He’d originally planned on implementing a 5-2-1-2 shape, loving the idea of a two striker system that remained solid at the back. But then one night he dreamed of a team in dark red in a 5-2-1-2 shape, unable to cope with a team in blue’s flank attack out of their 4-2-3-1. He somehow knew the final 4-1 scoreline, saw the Champion’s League logo in the stadium, saw the disappointment on the red team manager’s face, and, strangely, opera was playing in the background. The manager’s face came into view, the opera got louder, and though the manager spoke in Italian, Benjani somehow understood him.




Protect the flanks!


When he woke up, he puzzled over the dream. He liked the 5-2-1-2’s ability to punch through the middle, liked the twin diamonds made on the right and left sides, linked together by the covering center back and the attacking midfielder - but the flanks were vulnerable. More so than in a 5-3-2, where the two outside center mids could help out on the flanks without giving up the middle - but he didn’t care for the way the strikers could be isolated.  So what to do?  That was the issue with three at the back, wasn’t it?  You couldn’t have the flanks and the center…


But then Benjani asked the question - what if I could have both?  Or rather, what if I could choose, not in general, but game-by-game?


He came to the 5-2-3 formation, but one in which the wide forwards sat narrow in possession - almost making a 5-2-2-1 - but peeled out wide in defense.  He’d still have the diamond, it'd just be one horizontal diamond.  When playing against wide formations or teams vulnerable down the flanks, he could use the 5-2-3.  Against narrow formations or teams vulnerable down the middle, he could use the 5-2-1-2.  But how to make it so that the players could shift seamlessly?  How could he make the two shapes remain the same system, but attack and defend different spaces?  He knew from his playing days that when a manager asked his players to learn two completely different tactics it rarely went well - the fluidity wasn’t there and the movement didn’t come naturally.  He needed to make it so that the players’ roles were the same, just their location on the pitch changed.




To keep the foundation of the team solid, he decided that the shape and roles behind the front three would be identical in both shapes.  He might tweak the roles game-to-game, to push a player forward and another back, but that was separate from the system.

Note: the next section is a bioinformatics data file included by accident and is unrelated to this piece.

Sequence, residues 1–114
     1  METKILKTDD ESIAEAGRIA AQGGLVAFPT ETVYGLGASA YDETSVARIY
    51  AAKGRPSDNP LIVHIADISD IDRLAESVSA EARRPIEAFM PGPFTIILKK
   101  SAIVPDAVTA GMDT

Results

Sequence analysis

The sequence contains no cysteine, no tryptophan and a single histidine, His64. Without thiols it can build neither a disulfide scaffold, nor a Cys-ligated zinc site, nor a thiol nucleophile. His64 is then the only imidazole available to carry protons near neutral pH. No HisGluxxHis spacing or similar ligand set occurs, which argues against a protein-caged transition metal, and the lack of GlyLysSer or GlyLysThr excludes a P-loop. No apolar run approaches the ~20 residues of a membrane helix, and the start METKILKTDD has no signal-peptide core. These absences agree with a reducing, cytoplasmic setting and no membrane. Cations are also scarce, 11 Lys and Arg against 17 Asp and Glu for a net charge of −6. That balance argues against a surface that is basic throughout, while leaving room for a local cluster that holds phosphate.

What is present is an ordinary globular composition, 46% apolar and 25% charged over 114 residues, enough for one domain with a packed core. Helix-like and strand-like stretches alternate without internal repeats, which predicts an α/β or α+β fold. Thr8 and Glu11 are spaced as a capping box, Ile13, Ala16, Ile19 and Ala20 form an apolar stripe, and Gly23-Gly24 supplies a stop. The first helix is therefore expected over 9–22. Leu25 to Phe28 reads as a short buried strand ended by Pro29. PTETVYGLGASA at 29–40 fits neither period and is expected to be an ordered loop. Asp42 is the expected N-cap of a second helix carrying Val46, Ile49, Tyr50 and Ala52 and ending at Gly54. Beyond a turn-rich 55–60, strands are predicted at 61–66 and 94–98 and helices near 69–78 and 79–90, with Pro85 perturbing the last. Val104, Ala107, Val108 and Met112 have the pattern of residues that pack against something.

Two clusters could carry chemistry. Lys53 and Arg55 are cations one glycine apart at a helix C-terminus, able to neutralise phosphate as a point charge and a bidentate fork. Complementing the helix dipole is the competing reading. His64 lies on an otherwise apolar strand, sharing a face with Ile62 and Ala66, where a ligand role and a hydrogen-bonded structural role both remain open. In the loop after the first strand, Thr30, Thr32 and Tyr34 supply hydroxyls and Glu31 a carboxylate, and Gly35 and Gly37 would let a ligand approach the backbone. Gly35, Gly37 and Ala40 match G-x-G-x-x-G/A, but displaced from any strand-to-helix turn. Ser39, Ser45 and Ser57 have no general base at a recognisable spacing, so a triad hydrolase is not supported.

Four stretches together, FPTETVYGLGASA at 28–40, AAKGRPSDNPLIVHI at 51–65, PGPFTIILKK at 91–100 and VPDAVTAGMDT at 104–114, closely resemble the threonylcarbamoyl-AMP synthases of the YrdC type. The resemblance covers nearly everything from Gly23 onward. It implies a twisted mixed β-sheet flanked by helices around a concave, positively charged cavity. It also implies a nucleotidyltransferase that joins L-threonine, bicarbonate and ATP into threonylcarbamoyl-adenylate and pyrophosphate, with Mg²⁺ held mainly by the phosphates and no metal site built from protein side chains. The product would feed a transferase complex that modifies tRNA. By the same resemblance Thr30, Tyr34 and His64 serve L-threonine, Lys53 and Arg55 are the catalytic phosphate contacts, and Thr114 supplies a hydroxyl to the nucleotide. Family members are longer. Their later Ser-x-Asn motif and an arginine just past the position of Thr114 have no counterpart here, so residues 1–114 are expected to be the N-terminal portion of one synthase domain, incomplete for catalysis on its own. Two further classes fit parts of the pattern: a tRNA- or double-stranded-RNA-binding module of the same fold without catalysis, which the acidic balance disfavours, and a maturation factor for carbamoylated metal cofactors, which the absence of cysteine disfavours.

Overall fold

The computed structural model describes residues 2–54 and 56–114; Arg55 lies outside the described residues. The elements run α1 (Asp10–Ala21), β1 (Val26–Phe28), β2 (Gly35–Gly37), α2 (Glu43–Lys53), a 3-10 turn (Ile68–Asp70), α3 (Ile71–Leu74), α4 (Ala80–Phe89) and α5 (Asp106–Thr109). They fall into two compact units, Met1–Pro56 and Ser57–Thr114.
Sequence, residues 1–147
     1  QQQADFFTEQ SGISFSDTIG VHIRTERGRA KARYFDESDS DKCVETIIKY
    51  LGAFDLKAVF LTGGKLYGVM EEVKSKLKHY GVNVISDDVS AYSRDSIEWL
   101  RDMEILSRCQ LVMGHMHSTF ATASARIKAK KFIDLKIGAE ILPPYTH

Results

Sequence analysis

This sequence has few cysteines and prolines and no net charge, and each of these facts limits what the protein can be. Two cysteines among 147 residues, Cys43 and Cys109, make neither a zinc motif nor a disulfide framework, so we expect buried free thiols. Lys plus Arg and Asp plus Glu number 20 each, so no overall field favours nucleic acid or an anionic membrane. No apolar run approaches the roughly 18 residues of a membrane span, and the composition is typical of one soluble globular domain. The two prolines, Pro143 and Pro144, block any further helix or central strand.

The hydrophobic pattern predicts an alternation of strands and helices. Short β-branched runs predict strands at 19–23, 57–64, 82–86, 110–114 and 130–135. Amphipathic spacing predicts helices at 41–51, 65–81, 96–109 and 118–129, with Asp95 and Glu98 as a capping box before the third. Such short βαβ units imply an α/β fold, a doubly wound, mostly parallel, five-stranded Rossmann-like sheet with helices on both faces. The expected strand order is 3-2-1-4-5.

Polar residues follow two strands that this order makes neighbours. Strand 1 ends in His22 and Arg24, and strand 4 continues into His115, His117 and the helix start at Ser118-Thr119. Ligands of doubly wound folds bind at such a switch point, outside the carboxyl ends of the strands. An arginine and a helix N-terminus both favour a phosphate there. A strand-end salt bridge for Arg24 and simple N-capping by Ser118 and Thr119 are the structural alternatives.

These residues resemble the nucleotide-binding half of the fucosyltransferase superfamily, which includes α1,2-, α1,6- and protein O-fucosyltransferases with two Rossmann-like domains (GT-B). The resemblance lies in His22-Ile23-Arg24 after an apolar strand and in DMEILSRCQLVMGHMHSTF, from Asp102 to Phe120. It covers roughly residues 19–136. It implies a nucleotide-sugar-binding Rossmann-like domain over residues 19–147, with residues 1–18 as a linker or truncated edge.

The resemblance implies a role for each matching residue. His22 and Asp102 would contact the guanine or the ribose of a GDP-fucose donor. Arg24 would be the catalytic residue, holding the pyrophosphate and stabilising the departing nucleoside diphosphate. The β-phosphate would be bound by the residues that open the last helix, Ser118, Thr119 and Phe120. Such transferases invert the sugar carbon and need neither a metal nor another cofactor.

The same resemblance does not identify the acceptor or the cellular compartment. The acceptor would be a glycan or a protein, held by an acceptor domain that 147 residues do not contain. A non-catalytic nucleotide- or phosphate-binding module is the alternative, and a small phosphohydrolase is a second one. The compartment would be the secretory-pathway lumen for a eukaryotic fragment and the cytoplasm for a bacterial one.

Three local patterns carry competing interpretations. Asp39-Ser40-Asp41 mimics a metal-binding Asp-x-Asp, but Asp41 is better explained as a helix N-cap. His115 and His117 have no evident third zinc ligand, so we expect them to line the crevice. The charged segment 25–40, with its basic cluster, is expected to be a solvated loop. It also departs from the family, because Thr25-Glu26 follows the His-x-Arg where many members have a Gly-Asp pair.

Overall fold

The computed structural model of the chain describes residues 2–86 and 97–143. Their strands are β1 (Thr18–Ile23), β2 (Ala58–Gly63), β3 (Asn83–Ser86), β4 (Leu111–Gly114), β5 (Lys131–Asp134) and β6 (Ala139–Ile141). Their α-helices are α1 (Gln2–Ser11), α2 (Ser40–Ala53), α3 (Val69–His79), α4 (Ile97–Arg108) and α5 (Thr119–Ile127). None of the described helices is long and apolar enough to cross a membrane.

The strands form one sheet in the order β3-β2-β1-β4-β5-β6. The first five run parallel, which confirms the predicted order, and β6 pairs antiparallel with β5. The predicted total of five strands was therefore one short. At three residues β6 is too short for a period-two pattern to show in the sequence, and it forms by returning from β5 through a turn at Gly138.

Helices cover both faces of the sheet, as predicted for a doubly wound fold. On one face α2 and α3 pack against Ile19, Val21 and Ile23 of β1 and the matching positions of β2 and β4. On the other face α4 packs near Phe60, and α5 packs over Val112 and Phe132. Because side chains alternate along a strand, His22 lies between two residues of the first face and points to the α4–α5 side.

The wide center backs would push up in support and be on hand to gobble up any loose clearances. They would also either overlap or underlap the wingbacks depending on where the space was.  The opposite wide back would stay back and make a back two with the holding midfielder just in front.  The holding midfielder would also be available to recycle possession and slow down a counter. The carillero would be the link - working between the boxes and emphasizing the right side overload which included the wide center back, the wing back, and, in the primary 5-2-3 the support inside forward.

The difference would be the front three, and even then it wouldn’t be as big of a difference as it would seem at first. 


In the primary tactic, the 5-2-3 would be the team's shape without the ball, but in attack the wide forwards would tuck in and create more of a 5-2-2-1 shape, pulling the opponent out of shape and/or creating space for the wingbacks and wide center backs down the flanks. The shape would be spearheaded by a player that was, ideally, much like Benjani had been - a physical, hardworking player that put the center backs under constant pressure. He might have that player drop deeper on occasion and push the wide forwards up, but he’d often want the forward keeping the defensive line pinned back to open space for his wide forwards to operate in.




Benjani wanted to be on the front foot and play fast and entertaining football. With the focus on the wide areas, he couldn’t expect to dominate possession, but he instead hoped to pull the opposition apart and look for switches of play. He would, for that reason, be asking the players to take more risks on the ball and play it quickly. He was hoping to play out of the back by having the keeper distribute short, but once the ball was in play he wanted to play fast and aggressive.




The horizontal diamond shape that the side started in gave a lot of flexibility of movement for the players.  If the wide forwards moved inside, the wingbacks could stay wide, and the WCBs could move forward into the channel in support, or over/underlap the wingbacks depending on what how the opposition reacted. The question for each player was always - where is the space?  Then he could move into it.  The same was true without the ball - players needed to ask where the space was, and then fill the space.  The only two static players in the system would be the holding midfielder and the covering center back - both tasked with seeing the field and sniffing out the danger.